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My LO will be 12 months old next week, he was born 6 weeks prematurely. My concern is that he doesn't seem to understand what anyone of us says. He does look when I say "look" and he does respond to his name, for the most part. I see online that babies should be understanding and performing simple commands, such as, give to mommy. I feel my LO is not even in the ball park of something like that. He doesn't have any gestures like waving or pointing, but he does reach to be picked up and has started to clap. He babbles, but has no meaningful words.

Is this of concern at this point?

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5 Answers 5

My kid was slow developing. I was worried about a variety of things until he started crawling (@15 months..) and walking (@17 months..)

In england you have a health visitor you can call if you have queries. I found this of great use just to reassure that kids develop at different rates and this is still in the range of normal.

I would say speak to someone but don't worry too much. Some kids are a bit slow. Once they master something though they will soon catch up.

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Meg's answer hits it on the head regarding the fact that your son was a preemie. You really have to go by their due date for the first couple of years' milestones.

Additionally, it sounds like your son does understand what you're saying, as he responds to very simple commands ("look") and his name, not to mention that he's figured out how to consciously elicit a response from you.

How active is your son, and how are his motor skills? Children develop different skills at different speeds, so very often, they will excel at one thing (such as motor skills) and be "behind" on another. For example, my son is two and still doesn't talk verbally that much (generally just one or two words, doesn't say his own name, no pronouns, etc), but his motor skills are such that he not only signs, but can do things like climb ladders and stairs with ease.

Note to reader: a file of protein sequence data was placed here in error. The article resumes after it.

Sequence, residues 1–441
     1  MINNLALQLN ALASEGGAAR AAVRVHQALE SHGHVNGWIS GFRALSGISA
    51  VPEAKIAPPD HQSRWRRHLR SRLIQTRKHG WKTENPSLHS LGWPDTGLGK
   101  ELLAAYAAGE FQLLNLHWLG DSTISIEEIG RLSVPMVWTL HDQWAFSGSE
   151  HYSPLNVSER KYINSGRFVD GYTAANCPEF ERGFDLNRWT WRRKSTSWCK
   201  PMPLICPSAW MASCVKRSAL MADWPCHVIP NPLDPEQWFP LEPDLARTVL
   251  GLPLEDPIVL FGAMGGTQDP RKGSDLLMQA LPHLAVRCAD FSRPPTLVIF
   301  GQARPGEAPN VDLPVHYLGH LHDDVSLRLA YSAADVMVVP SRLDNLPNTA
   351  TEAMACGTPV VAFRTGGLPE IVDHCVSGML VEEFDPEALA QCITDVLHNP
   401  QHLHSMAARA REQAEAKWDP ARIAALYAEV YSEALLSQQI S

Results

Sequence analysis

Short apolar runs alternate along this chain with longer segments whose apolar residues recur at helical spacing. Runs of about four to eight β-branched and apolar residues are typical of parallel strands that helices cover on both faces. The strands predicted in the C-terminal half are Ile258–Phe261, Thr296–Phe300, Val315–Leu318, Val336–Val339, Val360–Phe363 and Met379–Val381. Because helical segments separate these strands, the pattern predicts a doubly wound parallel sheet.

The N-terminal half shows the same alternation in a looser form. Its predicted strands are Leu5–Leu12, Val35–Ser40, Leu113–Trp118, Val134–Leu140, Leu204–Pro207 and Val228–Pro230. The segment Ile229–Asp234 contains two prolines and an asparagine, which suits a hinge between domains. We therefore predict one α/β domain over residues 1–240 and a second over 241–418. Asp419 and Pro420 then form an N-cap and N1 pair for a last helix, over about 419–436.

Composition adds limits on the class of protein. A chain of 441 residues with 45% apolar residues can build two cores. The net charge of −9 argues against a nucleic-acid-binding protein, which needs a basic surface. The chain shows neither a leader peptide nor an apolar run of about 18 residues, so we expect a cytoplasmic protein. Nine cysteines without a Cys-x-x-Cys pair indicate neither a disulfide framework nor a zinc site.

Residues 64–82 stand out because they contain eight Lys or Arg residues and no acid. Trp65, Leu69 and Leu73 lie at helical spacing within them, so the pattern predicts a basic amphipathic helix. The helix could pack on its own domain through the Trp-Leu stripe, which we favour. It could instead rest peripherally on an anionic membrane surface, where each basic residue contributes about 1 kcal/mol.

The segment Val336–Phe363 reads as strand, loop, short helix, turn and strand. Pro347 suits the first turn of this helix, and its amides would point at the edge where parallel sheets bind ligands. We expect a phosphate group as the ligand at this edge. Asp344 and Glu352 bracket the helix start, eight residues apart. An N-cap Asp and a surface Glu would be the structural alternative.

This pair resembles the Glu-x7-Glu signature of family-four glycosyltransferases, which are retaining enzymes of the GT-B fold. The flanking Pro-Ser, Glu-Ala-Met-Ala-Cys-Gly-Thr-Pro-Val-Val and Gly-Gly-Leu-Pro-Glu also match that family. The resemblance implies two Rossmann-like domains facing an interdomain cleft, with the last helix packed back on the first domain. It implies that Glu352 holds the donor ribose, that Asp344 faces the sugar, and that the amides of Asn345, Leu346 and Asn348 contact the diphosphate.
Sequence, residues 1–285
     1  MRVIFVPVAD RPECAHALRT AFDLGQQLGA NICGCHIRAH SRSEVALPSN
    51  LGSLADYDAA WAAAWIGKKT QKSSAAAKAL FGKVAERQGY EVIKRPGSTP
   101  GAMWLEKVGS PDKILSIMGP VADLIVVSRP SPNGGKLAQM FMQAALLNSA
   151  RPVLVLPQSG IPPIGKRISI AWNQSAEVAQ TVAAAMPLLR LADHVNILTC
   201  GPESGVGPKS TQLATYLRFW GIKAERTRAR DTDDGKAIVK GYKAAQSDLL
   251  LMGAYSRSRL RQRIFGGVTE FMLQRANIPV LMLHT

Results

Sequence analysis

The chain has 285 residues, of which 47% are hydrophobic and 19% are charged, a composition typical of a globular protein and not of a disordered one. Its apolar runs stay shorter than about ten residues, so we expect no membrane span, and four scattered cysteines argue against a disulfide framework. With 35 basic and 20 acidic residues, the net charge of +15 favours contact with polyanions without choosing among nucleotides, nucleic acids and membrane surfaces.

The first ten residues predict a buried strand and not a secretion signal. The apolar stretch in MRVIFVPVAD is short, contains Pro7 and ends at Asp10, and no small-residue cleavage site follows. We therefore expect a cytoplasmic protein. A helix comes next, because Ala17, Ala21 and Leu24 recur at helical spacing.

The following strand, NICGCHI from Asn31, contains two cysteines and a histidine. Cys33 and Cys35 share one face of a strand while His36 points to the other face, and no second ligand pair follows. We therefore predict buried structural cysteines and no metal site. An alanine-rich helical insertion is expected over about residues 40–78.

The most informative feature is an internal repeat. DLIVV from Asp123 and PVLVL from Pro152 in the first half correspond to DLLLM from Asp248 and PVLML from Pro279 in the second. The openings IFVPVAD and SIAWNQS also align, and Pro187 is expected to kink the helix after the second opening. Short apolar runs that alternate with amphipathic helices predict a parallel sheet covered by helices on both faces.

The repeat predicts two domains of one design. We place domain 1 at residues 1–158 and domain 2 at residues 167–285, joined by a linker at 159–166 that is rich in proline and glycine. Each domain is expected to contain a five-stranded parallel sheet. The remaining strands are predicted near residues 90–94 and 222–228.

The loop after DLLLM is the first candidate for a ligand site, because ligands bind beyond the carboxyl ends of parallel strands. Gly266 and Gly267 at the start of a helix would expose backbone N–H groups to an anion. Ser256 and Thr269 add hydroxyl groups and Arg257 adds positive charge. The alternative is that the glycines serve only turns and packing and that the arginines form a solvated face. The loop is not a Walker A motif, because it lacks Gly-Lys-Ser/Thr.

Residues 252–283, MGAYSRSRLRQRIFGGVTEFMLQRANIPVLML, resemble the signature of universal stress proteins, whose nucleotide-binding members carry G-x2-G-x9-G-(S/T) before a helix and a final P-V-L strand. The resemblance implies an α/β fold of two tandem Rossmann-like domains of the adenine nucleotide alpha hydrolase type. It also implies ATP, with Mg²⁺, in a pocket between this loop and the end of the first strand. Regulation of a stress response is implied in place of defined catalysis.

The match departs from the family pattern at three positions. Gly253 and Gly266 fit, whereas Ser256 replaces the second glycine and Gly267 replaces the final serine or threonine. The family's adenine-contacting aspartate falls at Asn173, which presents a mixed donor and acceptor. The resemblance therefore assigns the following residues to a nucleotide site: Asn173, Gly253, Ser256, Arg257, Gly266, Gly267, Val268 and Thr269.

One way to help increase communication between you and your son is through baby sign language. Children develop understanding long before their verbal skills, so signing can help them communicate (and can help ward off tantrums before they start).

Also, does your son go to day care or some other type of regular play groups with kids his age (or even a month or two older)? If not, it might be worth trying. Not only will it help him socialize, but may motivate him to work on his "weak" skills (one of the biggest things that got my son starting to verbally talk has been moving to the next room in daycare, where the kids are a little older and most of them talk better than he does, so he's started picking it up, too).

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Thanks for your reply!! With regard to gross motor, he's just ok I think. He pulls to stand, started couch surfing a bit, he will army crawl sometimes, but likes to roll everywhere!! He takes steps when his hands are being held. As far as fine motor, I don't know too much about what the milestones are for his age, but he does have a pretty good pincer grasp. –  Elizabeth Marie May 24 '12 at 14:10
    
He doesn't go to daycare or anything like that. –  Elizabeth Marie May 24 '12 at 14:35
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Shauna is right. Andrew grew by leaps and bounds when he attended daycare and mother's day out with older kids. –  Meg Coates May 24 '12 at 14:53
    
@ElizabethMarie - Here are WebMD's descriptions for 10 and 11 month milestones - webmd.com/parenting/baby/baby-development-11-month-old webmd.com/parenting/baby/baby-development-10-month-old . It sounds like he's about on par with regard to walking/cruising, at least. I recommend finding a play group to help his social/communication skills. It's amazing what little kids can teach each other. –  Shauna May 24 '12 at 16:01